Jan Moir Are You Ready To Order
Sooner or later, all roads lead to the Nam Long Le Shaker, the Vietnamese restaurant and bar that has quietly thrived in a corner of West London for more than 20 years. With its Saigon junk shop décor and eccentric owner Thai Dang, it has a back street ambience and rackety allure that’s hard to resist. Diners tired of being royally fleeced by the new glut of bland restaurants serving overcooked chef’s ego and foamed fricassee of baloney could do worse than come here, where the pancake menu pulls no punches and the cocktails could floor an ox. Being too scared (and sensible) to ever try it, I couldn’t recommend the restaurant’s famous Flaming Ferrari cocktail - described on their list as being a ‘powerful jet mixture only suitable for the professional’. The professional what? Perhaps we really don’t want to know the answer to that. The other week, an army officer on leave from a tour of duty in Afghanistan broke the all-time Nam Long record, by downing seven Ferraris in one evening. That says everything you need to know about the horrors of war in Helmand Province.
Nothing ever seems to change here and the food has always been on the level of better-than-you-might-expect to surprisingly good. The same chef has worked in the Nam Long kitchen since the joint first opened in 1986, and while you won’t find the kind of echt bowls of pho served in the strictly authentic East London Vietnamese restaurants, there is much to enjoy here. A starter of bo kho, a kind of Viet version of beef jerky, has slivers of dried beef flavoured with five spice, with a delicate burst of liquorice predominating, courtesy of the star anise. Cha gio, one of the house specialties, are rice paper rolls stuffed with chopped vegetables and minced pork, then deep fried. Customers are encouraged to dip the rolls into a bowl of sweet vinegar, roll them up inside a crisp lettuce leaf lined with fresh mint, then eat. Hunks of chicken are threaded on to wooden skewers and grilled on charcoal, then served with a smooth peanut sauce; even the cross-cultural tempura prawn is fresh and good. Notable mains include chien don cay, a dish of crispy shredded beef with a chilli vinegar sauce of which S is devotedly fond. Vegetarians are admirably catered for with a selection of handsome chay (soya bean) dishes, while the pancake menu is great fun and very popular, particularly helpful for a celebrating group ordering cocktails and in need of some nutrition. Pancake choices include charcoal grilled beef with lemongrass; king prawns; sole or duck.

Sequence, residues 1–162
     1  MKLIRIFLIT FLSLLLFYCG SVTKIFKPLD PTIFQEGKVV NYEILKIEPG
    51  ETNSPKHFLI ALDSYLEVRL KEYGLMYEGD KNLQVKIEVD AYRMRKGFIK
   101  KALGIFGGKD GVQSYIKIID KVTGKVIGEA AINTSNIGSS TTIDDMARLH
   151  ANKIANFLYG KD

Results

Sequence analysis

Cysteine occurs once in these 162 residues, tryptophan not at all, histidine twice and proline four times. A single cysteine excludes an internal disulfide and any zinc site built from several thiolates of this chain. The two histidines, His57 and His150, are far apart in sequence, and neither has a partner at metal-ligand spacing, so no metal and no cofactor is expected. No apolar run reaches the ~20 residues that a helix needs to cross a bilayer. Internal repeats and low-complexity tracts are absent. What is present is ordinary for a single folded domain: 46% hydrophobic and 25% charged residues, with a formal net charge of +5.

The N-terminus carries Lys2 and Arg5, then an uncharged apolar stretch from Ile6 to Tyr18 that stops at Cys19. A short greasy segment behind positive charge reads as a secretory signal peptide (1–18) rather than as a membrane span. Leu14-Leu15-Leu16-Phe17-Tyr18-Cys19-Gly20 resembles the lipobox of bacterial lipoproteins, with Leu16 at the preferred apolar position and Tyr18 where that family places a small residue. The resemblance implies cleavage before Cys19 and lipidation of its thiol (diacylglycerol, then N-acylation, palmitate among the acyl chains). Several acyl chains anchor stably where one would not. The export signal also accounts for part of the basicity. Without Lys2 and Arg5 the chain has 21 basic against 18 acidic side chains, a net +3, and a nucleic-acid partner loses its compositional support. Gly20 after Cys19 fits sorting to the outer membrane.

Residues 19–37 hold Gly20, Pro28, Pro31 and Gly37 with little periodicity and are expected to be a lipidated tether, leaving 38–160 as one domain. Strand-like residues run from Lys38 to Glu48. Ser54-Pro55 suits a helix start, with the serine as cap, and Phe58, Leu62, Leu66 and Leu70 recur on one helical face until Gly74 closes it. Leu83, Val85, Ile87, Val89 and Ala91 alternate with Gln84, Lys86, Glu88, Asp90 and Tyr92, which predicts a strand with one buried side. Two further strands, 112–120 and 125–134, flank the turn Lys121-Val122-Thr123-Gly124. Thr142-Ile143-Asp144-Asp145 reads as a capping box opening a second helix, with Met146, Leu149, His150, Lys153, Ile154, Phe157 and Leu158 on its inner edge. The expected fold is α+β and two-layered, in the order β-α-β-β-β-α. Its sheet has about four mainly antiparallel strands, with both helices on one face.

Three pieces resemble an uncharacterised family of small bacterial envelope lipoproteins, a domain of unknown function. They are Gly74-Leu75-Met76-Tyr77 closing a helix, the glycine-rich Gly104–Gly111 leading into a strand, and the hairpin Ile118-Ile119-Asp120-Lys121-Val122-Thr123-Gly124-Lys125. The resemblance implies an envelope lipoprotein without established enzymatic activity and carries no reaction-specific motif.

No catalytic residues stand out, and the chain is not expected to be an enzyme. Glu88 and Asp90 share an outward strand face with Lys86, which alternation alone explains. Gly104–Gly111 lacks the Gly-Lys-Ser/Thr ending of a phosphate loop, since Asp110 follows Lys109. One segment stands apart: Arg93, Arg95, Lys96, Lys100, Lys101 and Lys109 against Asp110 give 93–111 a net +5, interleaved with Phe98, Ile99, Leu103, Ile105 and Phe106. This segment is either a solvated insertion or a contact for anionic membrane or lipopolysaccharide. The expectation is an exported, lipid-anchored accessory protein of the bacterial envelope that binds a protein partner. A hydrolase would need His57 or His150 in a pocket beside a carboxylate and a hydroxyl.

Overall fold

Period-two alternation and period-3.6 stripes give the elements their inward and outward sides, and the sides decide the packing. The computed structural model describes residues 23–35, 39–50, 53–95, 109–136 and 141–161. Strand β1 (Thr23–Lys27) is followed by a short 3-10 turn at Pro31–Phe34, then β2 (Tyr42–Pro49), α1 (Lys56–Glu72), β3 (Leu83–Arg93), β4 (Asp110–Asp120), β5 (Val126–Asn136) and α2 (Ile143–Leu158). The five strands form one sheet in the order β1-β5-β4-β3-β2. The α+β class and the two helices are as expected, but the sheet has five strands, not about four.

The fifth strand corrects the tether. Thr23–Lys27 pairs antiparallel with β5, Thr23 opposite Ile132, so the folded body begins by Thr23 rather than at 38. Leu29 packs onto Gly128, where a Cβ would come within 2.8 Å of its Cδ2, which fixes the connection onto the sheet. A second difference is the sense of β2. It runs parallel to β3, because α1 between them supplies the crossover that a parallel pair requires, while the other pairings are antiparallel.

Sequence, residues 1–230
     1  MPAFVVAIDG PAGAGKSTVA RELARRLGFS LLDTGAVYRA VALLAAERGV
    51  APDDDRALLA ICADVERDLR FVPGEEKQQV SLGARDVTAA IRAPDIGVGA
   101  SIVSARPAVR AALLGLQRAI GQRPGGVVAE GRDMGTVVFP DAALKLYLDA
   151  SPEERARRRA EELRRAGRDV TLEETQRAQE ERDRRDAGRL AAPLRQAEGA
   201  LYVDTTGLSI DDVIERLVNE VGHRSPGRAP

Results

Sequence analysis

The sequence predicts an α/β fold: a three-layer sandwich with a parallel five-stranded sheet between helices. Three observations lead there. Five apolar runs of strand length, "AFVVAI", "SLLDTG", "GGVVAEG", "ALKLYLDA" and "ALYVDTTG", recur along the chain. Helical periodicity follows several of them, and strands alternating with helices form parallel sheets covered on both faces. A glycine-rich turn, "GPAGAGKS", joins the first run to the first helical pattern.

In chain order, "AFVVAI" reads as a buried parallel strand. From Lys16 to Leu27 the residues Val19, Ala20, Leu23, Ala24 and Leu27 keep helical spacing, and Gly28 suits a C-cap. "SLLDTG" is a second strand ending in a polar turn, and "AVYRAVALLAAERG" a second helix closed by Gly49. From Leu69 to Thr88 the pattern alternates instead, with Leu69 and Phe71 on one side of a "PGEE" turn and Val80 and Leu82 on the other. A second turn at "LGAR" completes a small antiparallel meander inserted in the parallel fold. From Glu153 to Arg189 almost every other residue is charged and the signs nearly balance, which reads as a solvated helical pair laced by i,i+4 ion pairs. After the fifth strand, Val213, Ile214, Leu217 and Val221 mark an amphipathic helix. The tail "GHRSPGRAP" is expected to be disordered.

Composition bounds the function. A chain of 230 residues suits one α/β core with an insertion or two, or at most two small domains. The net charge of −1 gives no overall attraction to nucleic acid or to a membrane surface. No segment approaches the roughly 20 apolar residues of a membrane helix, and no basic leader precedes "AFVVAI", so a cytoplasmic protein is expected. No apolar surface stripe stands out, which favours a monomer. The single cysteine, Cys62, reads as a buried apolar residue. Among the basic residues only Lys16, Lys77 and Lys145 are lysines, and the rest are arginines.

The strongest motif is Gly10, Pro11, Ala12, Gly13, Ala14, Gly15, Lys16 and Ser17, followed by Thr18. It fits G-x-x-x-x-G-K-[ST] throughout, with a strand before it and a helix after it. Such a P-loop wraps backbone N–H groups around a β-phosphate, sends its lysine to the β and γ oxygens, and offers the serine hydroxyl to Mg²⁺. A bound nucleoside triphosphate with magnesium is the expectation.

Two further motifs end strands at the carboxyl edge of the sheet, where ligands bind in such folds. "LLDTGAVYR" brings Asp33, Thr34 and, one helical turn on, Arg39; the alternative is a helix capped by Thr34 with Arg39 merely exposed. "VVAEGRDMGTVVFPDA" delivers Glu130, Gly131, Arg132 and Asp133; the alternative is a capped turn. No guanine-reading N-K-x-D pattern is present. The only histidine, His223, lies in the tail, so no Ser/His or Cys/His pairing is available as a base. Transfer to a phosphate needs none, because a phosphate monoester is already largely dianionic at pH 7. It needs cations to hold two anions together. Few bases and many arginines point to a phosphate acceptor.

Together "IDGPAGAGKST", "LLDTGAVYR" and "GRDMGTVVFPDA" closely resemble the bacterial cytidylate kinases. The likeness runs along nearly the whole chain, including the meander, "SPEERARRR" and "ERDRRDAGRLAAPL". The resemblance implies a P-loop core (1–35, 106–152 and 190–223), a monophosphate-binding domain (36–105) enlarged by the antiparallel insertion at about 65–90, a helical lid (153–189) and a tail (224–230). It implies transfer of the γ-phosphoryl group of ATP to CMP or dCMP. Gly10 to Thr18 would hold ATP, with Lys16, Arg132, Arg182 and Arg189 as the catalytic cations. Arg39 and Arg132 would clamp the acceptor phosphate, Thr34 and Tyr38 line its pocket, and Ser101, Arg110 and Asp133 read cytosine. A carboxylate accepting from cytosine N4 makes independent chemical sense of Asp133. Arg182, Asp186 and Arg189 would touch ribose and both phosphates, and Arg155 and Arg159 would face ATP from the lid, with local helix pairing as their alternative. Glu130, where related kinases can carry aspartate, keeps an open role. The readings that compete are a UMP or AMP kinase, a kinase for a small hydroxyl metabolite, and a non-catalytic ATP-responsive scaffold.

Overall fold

Beware, if you no good at drink . . .
Perhaps the best thing of all about the Nam Long is the atmosphere, which is raucous and bustling, with a raffish clientele that has recently included Sienna Miller and the actor Chris Noth, although not together so please don’t quote me on that. Hugh Grant used to be a regular, as did Jeffrey Archer’s son James, who would celebrate successful deals with Flaming Ferraris and his banker colleagues here. With its retro food and Viet clutter, coming here is like stepping back in time through a Hanoi prism, and the menacing Thai Dang sitting on his high wooden throne, abusing customers – ‘American boy! Go away. You no good at drink!’ – or shouting terrifying orders to his waiters somehow only adds to the buzz. From his throne, he uses a tiny but powerful pencil torch to direct staff towards waiting customers; it is rather like a beam of doom. Dang always looks on the verge of dragging members of staff outside to thrash them with a bamboo cane for minor transgressions, but his outward show of belligerence masks a kind heart. Out of his own pocket, he has built a brand new school and a clinic in his hometown back in Vietnam, and he keeps photographs of both establishments in his wallet. Every pancake purchased, every cocktail mixed and every chicken skewered boosts his philanthropy and yours, by tiny proxy.
The wine list will send you hurtling on a time warp straight back to when the Nam Long first opened. First off there is the Jacques Vertier house white from Gascogne, a white burgundy from Cave de Buxy (always a reliable co-op), followed quickly by a Sancerre and a Chablis. On both the red and white lists, it seems obligatory to have an Australian or New Zealand choice – the restaurant’s early days coincided with the beginning of the mass market exploration of non-French wines. The list concludes with the curious inclusion of ‘Perrier Sparkling Mineral Water’. Remember when it was so unusual and so posh? What a long time ago that now seems.
The Nam Long is popular with American bankers, probably because there are so few proper, gritty cocktail bars in London where they can feel at home. They like it and so do I because it has soul and, in a marketplace crowded with bland imposters, it feels real in a way that so few places do.
- Nam Long Le Shaker, 159 Old Brompton Road, London SW5 0LJ. Tel: 020 7373 1926. Dinner for two, excluding drinks and service, £50. Flaming Ferrari, £15 each.